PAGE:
La Cañada schools to hold permit lottery

Families living outside district will have to rely on luck rather than long waits.

February 27, 2013|By Peter Day
  • ARCHIVE PHOTO: Parents hoping to enroll their children in LCUSD schools camped outside district headquarters.
ARCHIVE PHOTO: Parents hoping to enroll their children… (Joe Piasecki / Times…)

Out-of-district families hoping to get their students into La Cañada public schools can leave their sleeping bags, ear warmers and jugs of hot cocoa at home.

The La Cañada Unified School District on Monday announced the introduction of a lottery system that will mean certain categories of permit students will no longer be given priority. As a result, families will not be camping out for a weekend in front of the district office to get to the top of the list, as has been the practice in recent years. Instead, those hoping for a coveted interdistrict permit can bank on one thing only — the luck of the draw.

“I think it's a positive move,” said school board member Andrew Blumenfeld. “It's definitely an improvement in the process rather than the undignified system of having parents line up for days. I think to have a lottery system is at least as fair and maybe more fair than asking parents to line up days before.”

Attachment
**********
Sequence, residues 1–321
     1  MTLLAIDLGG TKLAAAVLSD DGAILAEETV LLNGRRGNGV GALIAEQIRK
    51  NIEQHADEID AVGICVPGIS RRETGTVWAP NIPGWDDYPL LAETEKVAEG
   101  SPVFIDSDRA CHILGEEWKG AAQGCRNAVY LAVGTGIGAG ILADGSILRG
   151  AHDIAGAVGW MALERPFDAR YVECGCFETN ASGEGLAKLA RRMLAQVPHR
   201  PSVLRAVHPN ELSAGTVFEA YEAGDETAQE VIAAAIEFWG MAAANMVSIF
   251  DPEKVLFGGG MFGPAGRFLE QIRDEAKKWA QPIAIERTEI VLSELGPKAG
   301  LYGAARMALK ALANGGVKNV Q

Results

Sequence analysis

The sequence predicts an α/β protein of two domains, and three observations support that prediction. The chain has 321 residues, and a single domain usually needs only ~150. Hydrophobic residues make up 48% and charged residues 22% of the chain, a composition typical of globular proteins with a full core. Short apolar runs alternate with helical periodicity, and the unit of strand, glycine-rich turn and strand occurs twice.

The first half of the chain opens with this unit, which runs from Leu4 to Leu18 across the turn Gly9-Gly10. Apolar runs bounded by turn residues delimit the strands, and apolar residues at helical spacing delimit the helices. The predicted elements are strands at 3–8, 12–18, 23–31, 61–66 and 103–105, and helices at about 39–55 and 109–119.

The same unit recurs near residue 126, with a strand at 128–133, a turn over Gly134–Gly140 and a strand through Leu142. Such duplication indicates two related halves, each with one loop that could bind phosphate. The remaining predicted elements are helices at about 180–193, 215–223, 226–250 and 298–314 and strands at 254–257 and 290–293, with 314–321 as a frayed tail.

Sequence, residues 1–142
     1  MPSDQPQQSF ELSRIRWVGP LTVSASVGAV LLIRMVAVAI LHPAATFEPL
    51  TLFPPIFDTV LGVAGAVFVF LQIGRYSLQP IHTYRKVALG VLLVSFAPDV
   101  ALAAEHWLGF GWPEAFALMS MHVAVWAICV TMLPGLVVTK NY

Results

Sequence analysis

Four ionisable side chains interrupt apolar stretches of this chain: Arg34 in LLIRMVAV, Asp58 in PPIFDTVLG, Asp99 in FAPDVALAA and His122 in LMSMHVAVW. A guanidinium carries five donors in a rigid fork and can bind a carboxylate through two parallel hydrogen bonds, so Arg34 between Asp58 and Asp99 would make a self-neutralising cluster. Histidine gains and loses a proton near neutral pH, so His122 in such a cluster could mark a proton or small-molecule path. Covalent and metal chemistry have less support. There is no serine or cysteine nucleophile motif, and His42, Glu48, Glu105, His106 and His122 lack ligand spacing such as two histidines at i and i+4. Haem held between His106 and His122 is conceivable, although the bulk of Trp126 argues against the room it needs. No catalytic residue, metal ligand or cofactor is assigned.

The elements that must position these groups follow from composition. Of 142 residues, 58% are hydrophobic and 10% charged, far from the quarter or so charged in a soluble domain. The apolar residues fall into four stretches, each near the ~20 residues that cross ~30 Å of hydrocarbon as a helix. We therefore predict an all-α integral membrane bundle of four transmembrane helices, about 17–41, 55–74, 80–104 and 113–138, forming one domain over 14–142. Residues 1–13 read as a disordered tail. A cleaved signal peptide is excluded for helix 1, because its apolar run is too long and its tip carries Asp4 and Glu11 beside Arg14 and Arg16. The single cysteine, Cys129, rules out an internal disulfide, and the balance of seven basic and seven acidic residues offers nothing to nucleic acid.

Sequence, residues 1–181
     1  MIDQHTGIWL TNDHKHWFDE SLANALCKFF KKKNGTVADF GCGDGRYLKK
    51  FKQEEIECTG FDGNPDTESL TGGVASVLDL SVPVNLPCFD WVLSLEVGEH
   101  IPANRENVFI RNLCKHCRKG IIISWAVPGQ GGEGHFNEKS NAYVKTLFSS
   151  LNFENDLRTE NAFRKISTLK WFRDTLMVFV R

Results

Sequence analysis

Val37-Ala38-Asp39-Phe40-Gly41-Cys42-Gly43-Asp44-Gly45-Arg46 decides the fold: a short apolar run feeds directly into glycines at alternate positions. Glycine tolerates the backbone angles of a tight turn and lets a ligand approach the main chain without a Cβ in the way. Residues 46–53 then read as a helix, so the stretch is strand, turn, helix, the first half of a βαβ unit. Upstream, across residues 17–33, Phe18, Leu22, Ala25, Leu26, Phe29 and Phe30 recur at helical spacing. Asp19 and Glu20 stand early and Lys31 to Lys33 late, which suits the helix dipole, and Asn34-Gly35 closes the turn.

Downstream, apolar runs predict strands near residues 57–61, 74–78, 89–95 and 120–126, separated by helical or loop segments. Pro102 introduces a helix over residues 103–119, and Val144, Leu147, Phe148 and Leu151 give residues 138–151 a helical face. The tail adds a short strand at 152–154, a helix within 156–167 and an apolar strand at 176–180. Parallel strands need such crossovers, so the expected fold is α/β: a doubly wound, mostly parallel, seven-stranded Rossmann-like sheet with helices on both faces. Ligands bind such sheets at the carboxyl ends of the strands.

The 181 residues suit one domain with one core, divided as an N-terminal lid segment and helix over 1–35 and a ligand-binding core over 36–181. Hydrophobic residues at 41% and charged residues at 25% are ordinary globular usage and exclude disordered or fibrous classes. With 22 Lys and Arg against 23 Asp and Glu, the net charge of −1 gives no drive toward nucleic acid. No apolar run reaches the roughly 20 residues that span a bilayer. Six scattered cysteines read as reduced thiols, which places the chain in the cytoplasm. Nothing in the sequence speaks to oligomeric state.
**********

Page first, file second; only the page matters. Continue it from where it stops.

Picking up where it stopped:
Board president Scott Tracy agrees.

“The wait-in-line method can be a very big imposition on families,” Tracy said. “This alleviates all that.”

Parents who work full time within district boundaries, families who reside in the “Sagebrush” area of western La Cañada, or those applying under “open enrollment” provisions will no longer receive priority. Instead, their interdistrict permit applications will be accepted at the district office from March 11 through April 30. Afterward, the district will conduct a lottery to rank student priority by category.

Students of full- and part-time school district employees and siblings of continuing permit students will not have to depend on the new lottery system. They will continue to receive priority for interdistrict permits.

“It's a good way for us to maintain local, community schools because they are already part of our community,” Blumenfeld said. “If your sibling already goes to the school, we don't want to break up the family. These people are already a big, important part of our community.”

Fewer than 50 permits are expected to be given for the 2013-14 school year. Last year, the school board voted to decrease the interdistrict permit percentage caps to 15% total districtwide and 25% per grade level. The district's permits are nearly at their limits because of the large number of permit students accepted during the last few years.

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